Problem is, there are a lot of different types of marketing. Inbound, content, SEO, SEM, digital, automation, branding, product, email, affiliate, and over a hundred more at least. And then subcategories of those. It gets to be messy fast, and marketers being marketers, many of them are in it to make a buck or two. Or a lot more. And the range of knowledge and experience and authenticity of those marketers that want to help you is all over the place. People with no marketing experience at all, who’ve gotten their “skills” from reading other people’s articles, to marketing professors who are into academic marketing, to legitimate digital marketers, to hobbyists, to…. You get the point. A lot of what you see online is about affiliate marketing, which personally I’d put near the bottom of the list of legitimacy, to more academic and B2B marketing/digital that incorporates a bundle of skills which includes SEO, content, SEM, display, and a pretty big marketing mix. That may or may not include developing one or more sales funnels that rely on inbound marketing using platforms like HubSpot and Salesforce. I’d place that somewhere near the top, alongside “academic” marketing, although academia is woefully outdated and out of touch with the realities of practical marketing in the modern world. It’s where much research and marketing studies are generated, alongside consulting firms that release complex case studies like McKinsey.
What you tend to learn in school is purely theoretical, with possibly a few case studies and maybe some real-world experience comprised of teamwork, working on an actual marketing problem that a business is willing to let students work on for free/experience. That’s typically found in graduate-level work at the better schools, and even then, it doesn’t teach you much of anything about real digital marketing whatsoever and what the skills and tools are you need to know to get a job doing it. You have to teach yourself or learn on the job, which is more and more unlikely that you’ll find an employer willing to pay to train you in 2017 when there are a lot of people that already are trained. My tenured professor wife knows nothing about business itself and wouldn’t know what she was even looking at if you showed her a Google Analytics or Infusionsoft dashboard, or anything about SEO at all, for example. It’s the same with law school; it doesn’t teach you lawyering or how to practice law, just the dry research and academic aspects. It’s also why we’re seeing people like Steve Wozniak and organizations/companies like Google funding and setting up schools and other training programs that simply leapfrog underperforming, overpriced colleges that aren’t preparing students for actual work whatsoever.
There’s also a wide range of quality when it comes to marketing programs in Universities as well. Top-tier schools, of course, will offer that in spades, but 80% of marketing degrees come from schools most people have never heard of, in accelerated 1-year programs that aren’t really worth much all. And even if they do offer a respectable opportunity to learn marketing, that’s not to say the students will take advantage of it. I cite my own experience of teaching marketing management at a local University to 35 students as an adjunct professor. The top students were motivated and walked out with some good tools and knowledge. The bottom never bothered to even learn the definition of marketing, even though I told them repeatedly if they only learned one thing in that class, the definition of marketing should be it. And the last question on my final exam was: “What is the definition of marketing?” Guess what? People still got it totally wrong.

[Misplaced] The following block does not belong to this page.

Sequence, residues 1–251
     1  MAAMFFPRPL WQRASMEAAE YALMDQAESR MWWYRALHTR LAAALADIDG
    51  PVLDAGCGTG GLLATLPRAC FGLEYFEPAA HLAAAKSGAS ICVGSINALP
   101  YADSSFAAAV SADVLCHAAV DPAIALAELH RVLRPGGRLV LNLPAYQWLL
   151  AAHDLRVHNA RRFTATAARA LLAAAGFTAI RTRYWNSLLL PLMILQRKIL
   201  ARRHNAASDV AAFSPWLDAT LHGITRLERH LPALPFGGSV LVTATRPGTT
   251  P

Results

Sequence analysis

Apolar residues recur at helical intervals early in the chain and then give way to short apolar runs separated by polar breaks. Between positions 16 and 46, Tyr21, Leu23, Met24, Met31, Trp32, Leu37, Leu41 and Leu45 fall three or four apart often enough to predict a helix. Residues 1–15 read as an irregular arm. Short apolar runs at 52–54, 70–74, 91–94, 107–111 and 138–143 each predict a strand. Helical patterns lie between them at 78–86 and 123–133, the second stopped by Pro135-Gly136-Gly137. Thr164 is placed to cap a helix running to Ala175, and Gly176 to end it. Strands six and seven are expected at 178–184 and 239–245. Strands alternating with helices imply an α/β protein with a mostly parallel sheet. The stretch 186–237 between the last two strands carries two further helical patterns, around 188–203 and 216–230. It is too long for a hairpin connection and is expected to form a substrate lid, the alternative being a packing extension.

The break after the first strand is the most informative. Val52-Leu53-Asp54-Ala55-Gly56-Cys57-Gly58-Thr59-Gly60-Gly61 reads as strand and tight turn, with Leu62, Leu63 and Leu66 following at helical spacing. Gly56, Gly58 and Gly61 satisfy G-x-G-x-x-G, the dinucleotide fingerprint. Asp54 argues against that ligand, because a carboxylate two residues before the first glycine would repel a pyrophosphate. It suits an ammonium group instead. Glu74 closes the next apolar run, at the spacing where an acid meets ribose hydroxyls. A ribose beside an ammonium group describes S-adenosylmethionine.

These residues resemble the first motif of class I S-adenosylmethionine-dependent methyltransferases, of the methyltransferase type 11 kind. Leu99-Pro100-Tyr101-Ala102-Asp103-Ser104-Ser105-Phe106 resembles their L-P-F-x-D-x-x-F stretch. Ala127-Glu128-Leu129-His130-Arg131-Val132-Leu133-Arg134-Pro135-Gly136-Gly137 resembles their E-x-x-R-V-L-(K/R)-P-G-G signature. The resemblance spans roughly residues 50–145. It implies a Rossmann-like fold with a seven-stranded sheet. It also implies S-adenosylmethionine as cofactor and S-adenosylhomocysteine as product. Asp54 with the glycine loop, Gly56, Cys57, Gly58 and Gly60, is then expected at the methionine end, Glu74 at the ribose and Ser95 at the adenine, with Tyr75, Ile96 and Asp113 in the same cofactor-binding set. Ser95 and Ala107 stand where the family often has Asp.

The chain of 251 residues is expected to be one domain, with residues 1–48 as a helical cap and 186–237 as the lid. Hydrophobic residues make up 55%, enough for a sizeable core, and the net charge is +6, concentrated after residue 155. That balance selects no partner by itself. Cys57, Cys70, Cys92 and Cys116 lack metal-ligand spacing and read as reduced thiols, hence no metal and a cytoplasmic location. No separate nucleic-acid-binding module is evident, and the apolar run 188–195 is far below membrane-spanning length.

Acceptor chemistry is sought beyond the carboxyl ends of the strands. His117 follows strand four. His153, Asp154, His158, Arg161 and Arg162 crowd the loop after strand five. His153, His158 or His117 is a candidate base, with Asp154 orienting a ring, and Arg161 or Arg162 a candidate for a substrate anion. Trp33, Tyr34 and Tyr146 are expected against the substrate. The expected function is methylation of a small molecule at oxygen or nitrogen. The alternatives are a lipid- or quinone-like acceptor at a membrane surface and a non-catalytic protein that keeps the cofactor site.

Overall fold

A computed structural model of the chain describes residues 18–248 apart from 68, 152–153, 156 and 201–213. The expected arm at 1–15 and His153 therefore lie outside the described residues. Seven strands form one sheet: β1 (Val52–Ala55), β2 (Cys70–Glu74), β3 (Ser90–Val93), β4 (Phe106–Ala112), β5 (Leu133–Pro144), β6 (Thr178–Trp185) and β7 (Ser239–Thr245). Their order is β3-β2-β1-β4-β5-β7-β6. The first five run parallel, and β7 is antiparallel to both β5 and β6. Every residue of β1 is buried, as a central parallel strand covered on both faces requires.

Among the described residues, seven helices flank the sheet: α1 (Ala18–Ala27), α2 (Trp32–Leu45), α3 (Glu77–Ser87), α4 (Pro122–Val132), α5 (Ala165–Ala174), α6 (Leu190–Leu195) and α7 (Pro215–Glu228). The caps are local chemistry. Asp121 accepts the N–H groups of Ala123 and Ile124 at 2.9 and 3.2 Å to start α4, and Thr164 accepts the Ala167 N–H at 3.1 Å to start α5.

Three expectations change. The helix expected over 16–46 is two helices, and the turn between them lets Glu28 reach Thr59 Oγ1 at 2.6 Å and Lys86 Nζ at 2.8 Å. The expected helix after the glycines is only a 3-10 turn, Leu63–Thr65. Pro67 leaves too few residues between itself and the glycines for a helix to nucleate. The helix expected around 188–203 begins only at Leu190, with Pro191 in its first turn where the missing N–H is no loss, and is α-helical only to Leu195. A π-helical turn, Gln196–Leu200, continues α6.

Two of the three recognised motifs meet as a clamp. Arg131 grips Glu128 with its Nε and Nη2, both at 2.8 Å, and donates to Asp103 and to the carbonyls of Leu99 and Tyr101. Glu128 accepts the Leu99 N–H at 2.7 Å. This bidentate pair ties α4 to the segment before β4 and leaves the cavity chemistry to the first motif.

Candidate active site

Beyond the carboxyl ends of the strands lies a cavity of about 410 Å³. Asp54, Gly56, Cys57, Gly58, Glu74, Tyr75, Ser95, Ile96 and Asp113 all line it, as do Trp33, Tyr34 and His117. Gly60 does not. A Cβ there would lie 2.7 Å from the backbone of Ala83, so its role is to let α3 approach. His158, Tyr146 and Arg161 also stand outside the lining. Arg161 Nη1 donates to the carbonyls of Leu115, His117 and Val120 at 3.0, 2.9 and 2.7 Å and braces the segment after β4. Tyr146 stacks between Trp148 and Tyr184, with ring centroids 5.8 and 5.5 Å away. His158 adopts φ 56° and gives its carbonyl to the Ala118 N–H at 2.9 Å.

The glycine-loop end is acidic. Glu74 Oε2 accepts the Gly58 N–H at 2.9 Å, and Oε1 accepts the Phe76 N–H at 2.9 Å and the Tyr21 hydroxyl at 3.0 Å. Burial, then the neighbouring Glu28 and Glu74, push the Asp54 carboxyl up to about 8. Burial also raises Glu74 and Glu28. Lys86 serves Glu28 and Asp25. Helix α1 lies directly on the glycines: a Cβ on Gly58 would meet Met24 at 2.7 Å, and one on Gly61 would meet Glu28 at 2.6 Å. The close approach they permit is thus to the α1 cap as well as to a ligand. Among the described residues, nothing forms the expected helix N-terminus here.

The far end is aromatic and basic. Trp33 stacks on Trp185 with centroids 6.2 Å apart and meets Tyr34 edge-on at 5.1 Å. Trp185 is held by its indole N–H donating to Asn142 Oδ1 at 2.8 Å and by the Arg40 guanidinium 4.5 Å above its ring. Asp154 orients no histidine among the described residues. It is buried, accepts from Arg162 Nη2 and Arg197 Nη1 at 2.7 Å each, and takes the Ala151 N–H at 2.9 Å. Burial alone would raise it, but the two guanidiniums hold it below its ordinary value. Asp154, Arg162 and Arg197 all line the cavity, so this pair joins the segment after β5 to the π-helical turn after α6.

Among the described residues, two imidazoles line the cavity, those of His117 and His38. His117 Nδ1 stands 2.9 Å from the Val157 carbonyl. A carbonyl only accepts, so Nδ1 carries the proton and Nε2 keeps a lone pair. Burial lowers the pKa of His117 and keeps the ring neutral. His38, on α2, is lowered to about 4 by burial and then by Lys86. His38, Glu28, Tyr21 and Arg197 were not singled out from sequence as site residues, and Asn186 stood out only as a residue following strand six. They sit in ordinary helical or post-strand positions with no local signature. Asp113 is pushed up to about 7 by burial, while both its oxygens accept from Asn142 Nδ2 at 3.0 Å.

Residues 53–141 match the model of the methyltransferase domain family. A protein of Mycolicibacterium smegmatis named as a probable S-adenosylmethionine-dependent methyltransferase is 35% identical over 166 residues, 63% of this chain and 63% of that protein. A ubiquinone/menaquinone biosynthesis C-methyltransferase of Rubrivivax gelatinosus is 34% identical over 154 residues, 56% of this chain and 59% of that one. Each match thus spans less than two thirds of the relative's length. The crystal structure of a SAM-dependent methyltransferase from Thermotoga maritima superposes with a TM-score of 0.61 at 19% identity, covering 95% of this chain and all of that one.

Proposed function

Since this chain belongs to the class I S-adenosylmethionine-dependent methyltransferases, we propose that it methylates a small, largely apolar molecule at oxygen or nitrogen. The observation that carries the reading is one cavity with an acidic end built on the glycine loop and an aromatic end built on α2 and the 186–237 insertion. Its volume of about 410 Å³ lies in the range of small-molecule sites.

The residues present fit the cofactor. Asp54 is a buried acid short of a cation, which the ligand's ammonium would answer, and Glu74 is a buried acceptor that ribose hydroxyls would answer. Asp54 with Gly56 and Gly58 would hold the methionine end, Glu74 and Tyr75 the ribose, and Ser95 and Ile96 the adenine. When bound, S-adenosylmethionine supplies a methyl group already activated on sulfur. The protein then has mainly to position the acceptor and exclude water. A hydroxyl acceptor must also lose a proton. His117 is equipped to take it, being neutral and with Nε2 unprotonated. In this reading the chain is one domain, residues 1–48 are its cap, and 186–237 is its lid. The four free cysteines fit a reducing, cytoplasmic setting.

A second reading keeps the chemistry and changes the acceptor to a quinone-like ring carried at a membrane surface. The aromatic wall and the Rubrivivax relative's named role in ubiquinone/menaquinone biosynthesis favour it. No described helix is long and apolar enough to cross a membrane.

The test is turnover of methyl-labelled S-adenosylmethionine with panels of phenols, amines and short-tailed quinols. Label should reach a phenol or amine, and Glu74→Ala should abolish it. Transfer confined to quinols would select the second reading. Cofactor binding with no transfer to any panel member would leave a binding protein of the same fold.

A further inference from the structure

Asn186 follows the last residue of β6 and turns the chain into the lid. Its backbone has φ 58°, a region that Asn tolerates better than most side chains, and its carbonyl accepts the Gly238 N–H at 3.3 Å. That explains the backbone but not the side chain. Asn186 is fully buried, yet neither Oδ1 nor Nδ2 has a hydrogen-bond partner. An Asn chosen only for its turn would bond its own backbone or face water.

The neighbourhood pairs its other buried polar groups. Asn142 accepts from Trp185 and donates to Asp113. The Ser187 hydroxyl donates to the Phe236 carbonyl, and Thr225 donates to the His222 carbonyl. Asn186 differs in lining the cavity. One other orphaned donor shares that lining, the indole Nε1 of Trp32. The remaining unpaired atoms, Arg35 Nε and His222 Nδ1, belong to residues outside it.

So the point is, it’s like wading through an ocean of misinformation and an overabundance of barely-relevant information and tools and advice, much of which contradicts or is poorly-communicated to the point of being utterly confusing. I know this because I’ve spent the past 6+ years online plowing through it all on almost a daily basis. I also have an MBA with a concentration in marketing strategy. I’ve also taught marketing management at the University level, as I mentioned And if that wasn’t enough immersion, I’ve been married to a marketing professor who I traveled alongside with through her Ph.D. program and all which that life entailed. Marketing has been the world I’ve inhabited for nearly a decade. And I’m presently on the hunt for a digital marketing job now myself and am preparing myself for such a role so when I get one, which hopefully is soon, I can hit the ground running in every way.
What I’ve decided to do is create a website that will be the headquarters for a digital marketing hub, with a Facebook page and a Facebook group to supplement it, and grow a community around it for relevant discussion and ideas. It’ll take time to grow organically which I realize — I don’t plan on advertising to grow it or worry about monetizing it or anything, and I’ve built some decent sized communities online before for various concerns like web development and design, so I know what it takes and what to expect. And that’s fine; what that strategy eventually yields is high-quality and manageable, which are among the most important criteria.
Plus I think it’ll not only be fun but will serve as a great resource for my new digital marketing job. If I get the one that I really want and think I have a great shot at, it’ll be perfect. And it’ll be something rewarding I can share and work on as a highly productive side project as well.
So if you’re into digital marketing or any type of “legitimate” marketing, come take a look, join and participate! And let me know what you think; criticism and ideas are the driving force behind its growth and quality standards. There will be tools, tips, strategy, discussion and marketing resources galore.